To be Irish is to know hardship.
When my ancestors came to America from Ireland, we had it rough. We had escaped poverty in the old country under oppressive British authority and come to America hoping for freedom, riches, and glory. Instead, when we got off the boat, the Union army gave us blue coats, equipped with us rifles, and sent us to die in Gettysburg, Pennsylvania. Those who were lucky enough got to avoid the war and instead get honest paying jobs so that they could provide for their family. These, of course, were the jobs that nobody else wanted—building skyscrapers, railroads, canals, highways, and working in factories.
Bono of U2 had it right when he sang, “These are the hands that built America.”
But the Irish (like a lot of the other foreigners that came (and are still coming) to America) were never respected by Americans. There was a lot of prejudice towards us in particular, and I’ve never been fully sure why. It’s not as though we were putting Americans out of work or anything. Nonetheless, the Irish were ostracized and nearly forced out of society at large; so they came together and moved into their own neighborhoods, thus creating a sort of caste system —in Boston, New York City, and Chicago in particular (this is well-documented in the Martin Scorcese film The Gangs of New York) (Chicago is still considered the most segregated city in America with entire neighborhoods devoted to one particular type of person: Chinese, Greek, Irish, African-American, gay, lesbian, etc.).
Chicago’s Irish neighborhood, and first slum actually, was called Hardscrabble and is the same area as modern-day Bridgeport. From the Bridgeport Coffee website:
Our community, Bridgeport, was Chicago’s first slum. A grim place refered to as Hardscrabble. Hardscrabble was a word in the early 1800?s that implied poverty. This early community was inhabited by Irish immigrants (shovelmen) who built the Illinois and Michigan Canal. They worked for whiskey and a dollar a day.
At the heart of this neighborhood is one of my favorite coffee companies, Bridgeport Coffee; and, in celebration of the area’s history, they created the Hardscrabble Blend.
Ironically, I first tried the Hardscrabble Blend at Swim Cafe, in Chicago’s Ukrainian Village (see what I mean about segregation…?), rather than at the Bridgeport Coffeehouse. I was just about out of my Starbucks Breakfast Blend and needed something new—fortunately Swim, which is only three blocks away from Ashley’s house, features Bridgeport Coffee on their bar and sells a small variety of their beans; it’s a very convenient way of sparing me from driving all the way to the south side of the city.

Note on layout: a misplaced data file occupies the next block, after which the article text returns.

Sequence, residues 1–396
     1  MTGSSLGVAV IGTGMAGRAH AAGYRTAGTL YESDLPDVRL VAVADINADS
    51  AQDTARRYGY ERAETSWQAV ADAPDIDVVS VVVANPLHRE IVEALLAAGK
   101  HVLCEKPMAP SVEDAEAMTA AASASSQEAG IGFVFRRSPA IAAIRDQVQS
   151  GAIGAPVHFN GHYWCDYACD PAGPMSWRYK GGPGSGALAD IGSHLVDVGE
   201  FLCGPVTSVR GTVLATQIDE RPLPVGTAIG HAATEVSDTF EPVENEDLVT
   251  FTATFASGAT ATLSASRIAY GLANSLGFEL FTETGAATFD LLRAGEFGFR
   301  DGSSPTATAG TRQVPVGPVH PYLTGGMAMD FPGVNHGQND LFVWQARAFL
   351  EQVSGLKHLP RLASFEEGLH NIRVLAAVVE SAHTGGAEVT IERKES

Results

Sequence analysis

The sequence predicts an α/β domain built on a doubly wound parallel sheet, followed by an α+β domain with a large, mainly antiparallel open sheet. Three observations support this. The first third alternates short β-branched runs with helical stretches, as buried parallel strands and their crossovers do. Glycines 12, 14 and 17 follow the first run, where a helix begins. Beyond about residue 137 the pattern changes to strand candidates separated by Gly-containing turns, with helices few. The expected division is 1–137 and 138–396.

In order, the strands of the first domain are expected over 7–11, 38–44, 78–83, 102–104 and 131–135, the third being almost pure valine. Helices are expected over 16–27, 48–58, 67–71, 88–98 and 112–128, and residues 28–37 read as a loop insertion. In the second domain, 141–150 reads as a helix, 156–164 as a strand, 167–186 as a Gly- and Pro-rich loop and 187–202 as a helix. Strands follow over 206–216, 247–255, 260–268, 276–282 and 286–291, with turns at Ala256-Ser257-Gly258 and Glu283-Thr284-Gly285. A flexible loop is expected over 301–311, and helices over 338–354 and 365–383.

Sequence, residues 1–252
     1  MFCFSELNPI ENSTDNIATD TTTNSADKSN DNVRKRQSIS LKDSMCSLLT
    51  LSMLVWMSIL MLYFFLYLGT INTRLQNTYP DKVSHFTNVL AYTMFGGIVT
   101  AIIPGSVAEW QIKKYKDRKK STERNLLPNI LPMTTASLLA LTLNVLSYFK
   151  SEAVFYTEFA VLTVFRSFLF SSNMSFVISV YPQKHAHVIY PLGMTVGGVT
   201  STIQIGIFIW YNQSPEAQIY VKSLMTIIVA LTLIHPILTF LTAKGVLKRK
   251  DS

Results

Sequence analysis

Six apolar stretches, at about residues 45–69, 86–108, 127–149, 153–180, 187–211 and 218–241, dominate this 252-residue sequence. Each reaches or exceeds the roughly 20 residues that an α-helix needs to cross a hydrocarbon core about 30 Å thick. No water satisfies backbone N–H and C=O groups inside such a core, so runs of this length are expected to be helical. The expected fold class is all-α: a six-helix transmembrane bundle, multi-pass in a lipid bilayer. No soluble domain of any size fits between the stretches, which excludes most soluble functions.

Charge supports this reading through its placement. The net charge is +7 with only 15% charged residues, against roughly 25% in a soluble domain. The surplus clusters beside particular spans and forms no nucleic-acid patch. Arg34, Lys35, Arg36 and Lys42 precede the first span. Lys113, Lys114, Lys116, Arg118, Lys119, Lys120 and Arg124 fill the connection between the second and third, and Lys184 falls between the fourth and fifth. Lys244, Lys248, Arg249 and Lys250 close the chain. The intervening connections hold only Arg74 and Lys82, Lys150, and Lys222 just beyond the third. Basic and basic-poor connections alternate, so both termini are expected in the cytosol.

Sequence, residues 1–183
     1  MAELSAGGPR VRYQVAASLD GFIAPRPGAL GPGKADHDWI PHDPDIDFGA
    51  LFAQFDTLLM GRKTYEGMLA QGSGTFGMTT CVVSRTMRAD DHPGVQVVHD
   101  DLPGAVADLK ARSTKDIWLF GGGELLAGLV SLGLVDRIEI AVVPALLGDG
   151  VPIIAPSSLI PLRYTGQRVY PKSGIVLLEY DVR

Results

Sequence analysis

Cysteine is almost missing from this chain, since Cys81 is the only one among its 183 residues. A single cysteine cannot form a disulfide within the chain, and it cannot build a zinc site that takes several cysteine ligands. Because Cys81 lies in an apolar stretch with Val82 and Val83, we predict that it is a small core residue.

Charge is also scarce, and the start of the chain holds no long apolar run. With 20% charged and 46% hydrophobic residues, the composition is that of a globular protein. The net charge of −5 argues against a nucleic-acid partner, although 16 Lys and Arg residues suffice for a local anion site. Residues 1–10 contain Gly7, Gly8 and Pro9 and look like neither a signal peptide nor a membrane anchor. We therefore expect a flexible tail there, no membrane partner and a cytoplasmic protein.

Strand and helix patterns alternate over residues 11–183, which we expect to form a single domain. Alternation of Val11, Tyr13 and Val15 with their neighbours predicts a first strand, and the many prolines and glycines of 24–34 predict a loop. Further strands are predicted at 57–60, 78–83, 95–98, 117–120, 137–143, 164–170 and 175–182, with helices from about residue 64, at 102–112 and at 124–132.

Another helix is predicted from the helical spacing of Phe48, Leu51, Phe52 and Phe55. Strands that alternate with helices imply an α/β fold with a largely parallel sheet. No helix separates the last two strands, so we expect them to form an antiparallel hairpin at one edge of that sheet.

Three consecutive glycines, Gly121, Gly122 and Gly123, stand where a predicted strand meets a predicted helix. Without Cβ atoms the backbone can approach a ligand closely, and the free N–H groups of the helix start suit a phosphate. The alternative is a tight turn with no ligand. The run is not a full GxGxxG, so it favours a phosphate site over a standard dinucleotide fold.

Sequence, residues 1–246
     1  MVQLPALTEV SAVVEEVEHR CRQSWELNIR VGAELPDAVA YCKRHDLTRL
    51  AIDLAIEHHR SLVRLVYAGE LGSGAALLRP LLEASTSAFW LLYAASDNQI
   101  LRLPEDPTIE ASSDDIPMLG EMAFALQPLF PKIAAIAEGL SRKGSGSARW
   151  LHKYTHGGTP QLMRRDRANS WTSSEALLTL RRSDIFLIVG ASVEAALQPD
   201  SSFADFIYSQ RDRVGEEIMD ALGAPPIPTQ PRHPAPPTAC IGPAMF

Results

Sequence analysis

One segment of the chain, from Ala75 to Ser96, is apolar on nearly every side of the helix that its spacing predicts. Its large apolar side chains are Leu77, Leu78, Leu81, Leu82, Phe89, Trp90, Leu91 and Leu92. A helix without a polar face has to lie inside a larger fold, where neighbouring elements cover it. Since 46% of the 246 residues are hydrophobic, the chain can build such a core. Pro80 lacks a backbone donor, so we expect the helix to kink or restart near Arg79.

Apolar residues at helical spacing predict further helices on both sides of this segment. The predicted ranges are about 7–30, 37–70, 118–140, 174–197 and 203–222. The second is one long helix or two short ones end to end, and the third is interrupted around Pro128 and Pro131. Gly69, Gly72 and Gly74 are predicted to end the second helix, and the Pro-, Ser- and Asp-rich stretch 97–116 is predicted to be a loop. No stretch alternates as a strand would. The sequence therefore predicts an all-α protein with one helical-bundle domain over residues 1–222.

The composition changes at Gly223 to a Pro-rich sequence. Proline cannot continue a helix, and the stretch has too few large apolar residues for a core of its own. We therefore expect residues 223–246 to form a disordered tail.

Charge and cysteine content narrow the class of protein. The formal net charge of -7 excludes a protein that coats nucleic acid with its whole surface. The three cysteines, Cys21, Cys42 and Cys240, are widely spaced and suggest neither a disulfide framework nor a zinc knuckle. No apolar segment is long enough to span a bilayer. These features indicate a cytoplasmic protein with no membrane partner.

The barista who helped me out informed me that Swim always uses Hardscrabble as their espresso and pulled a sample shot for me. Now, before I go any further, let me first say this—the espresso was far superior to the drip coffee. The beans are brought to a Vienna roast (which is just about as far as you can go with beans that are intended for espresso), so the espresso featured a really full body with almost no acidity. It was so creamy and smooth and rich and robust. But my favorite feature of its flavor was its spiciness. I was reminded of a customer a few months ago who, when I was doing a cupping of Peet’s Coffee and Tea’s Blend 101, described the coffee as “sparkly.” When she told me what she meant, that it was as if the coffee was dancing over her tongue and making her teeth tingle, I decided then and there that “sparkly” was my favorite coffee tasting term. Hardscrabble brought that term back to mind.
The drip version of it, however, though I didn’t think it was bad or even sub-par, didn’t have quite the same flavor profile as the espresso. While it was still robust and heavy-bodied, the richness and sweetness was a bit downplayed. The spiciness, on the other hand, though not as present, was still very satisfying.
There’s another WordPress user out there—I can’t remember the person’s name or the blog’s URL—who wrote a review of the Hardscrabble Blend. And, I don’t know—I’m not so sure the review was glowing, and I’m really not sure if the reviewer actually liked the coffee (and if you really want to know what this person said, feel free to Google search for that blog), but in case you’ve already read that blog and didn’t want to try Hardscrabble because you read about the grounds in the bottom of the person’s mug being compared to “factory sludge at the bottom of the Chicago River” and that it “[yellowed their] teeth quicker than cigarettes,” fret not—Hardscrabble doesn’t pay homage to its gritty, dirty, grimy, rough and tumble namesake by totally emulating it.
Bridgeport Coffee’s Hardscrabble Blend is none of those things. It’s a warm and inviting coffee and will be sure to please fans of robust coffees. It will be even more of a treat to those who can pull their own shots of espresso at home or have Bialettis.